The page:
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Money in the Bank: Avoiding Excessive Financial Charges

With the banking industry so immersed in the hot mess that is the economy, I’m poring over my statements and rethinking whom I do business with. I hate fees, confusing language, and relentless marketing for services I don’t need. Mostly, I hate fees.

To help sort out my personal banking choices, I spoke with Greg McBride, senior financial analyst for He noted that banks offer different types of accounts and each has its pros and cons, overt fees, and sneaky ones.

“When you’re choosing a particular account, make sure the type of account is a fit for your financial lifestyle,” he told me. By banking smartly, I can escape the dreaded fees, he says. And there are quite a few to look out for.

Avoid the Avoidable
ATM fee
Look first at the most ubiquitous charge. No matter what type of account you use, banks will charge you for using another bank’s cash machine. Such charges have risen over the past decade and now average $1.97 for the bank that operates the machine, plus $1.46 from the user’s bank, McBride says. That’s almost $3.50 for a single withdrawal. If you do that twice a week, you’re wasting almost $30 a month.

To avoid the ATM double-whammy charge, research your bank’s ATM locations. “You’ll never have to make a withdrawal on someone else’s turf,” McBride says. He also recommends using a debit card that gives you a cash-back option to access your money when traveling.

Insufficient funds fee
Bounce a check and you’ll get hit with a monstrous charge. Even with overdraft protection, you’ll be gouged, but at least the bank will cover the amount. You won’t be charged by the business that took your check.

Keep track of your deposits and withdrawals, know how many checks you have out, and keep a buffer amount of money in your account to make sure you’re covered.

You’ll also be charged if you deposit a check into your account that’s returned for insufficient funds. Only accept personal checks from people you know and trust.

Get Wise to the Sneaky Fees
Teller fee
If you have an account known as an “express,” some banks will charge you just for walking up to the teller. This account is for customers who do most of their transactions online or at the ATM. This outrageous charge is less common these days, but make sure your account does not limit the number of free teller visits. A variation on this fee is the surprise charge for writing too many checks.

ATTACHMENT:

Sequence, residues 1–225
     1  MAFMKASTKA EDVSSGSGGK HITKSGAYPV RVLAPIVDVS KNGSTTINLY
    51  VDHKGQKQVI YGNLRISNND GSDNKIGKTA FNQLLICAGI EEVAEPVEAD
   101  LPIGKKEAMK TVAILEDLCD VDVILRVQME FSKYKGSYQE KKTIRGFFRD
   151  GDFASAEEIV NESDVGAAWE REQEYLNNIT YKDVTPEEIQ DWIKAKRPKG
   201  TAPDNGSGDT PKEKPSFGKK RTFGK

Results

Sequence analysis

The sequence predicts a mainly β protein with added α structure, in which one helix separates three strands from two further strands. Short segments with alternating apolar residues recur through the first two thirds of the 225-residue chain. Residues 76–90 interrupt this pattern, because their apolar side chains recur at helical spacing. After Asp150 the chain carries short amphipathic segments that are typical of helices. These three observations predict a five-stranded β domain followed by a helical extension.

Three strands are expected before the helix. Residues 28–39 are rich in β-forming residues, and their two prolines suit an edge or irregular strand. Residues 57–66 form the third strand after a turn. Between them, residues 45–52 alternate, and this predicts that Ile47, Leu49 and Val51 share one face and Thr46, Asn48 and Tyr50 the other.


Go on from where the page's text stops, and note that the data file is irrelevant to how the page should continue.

Maintenance fee
Some banks charge a monthly fee regardless of your balance, while others will ding you only if you drop below a minimum balance or go for a stretch—three months to one year— without activity. Check your bank’s policy if you expect to be out of the country or otherwise uninvolved with your account. Know the minimum balance and maintain it.

Account closed early fee
Yes, some banks will charge you for closing your account early, usually within three to six months. If you’re in transition, choose an account you can close at no cost.

Fees for everyday banking activities
Want to deposit coins? Reconcile a discrepancy? Receive your cancelled checks? Have a document signed by a notary? These are they types of services you might expect banks to provide as a courtesy. Don’t bet on it. If you expect to need such services, look for an account that guarantees in writing you can get them free of charge.

How Free Is Free?
Most banks offer free checking, which means they have no maintenance or activity fees. Still, a free checking account might impose limits that don’t work with your lifestyle, such as a lower maximum cash withdrawal at the ATM.

Just because your checking account is free, that doesn’t mean you won’t be charged ATM or overdraft fees.

The sneaky thing banks forget to mention in their ads: most free checking accounts pay no interest. None. Zilch. Zero. That means you should never let your savings sit idle in a free checking account, McBride says.

“Move the rest of your money to a high-yield online savings account,” he says. “Many have attractive yields.” Right now, what’s considered an attractive yield is just 2.5 percent. But you still want to get that interest … it’s real money! (And McBride notes that inflation is pretty much zero, so 2.5 is attractive. Sort of.)

With 8,300 banks out there, it’s a competitive industry. Banks want your business. Lower fees and better service are two ways they can get it. Community banks and credit unions have better track records when it comes to treating their customers well, McBride says. “Larger banks with market share often have higher fees and less competitive interest rates.”

I’m shopping around for the right bank and the right type of account so I can keep my money instead of handing it over to the bank. The banks are getting enough handouts these days from the government.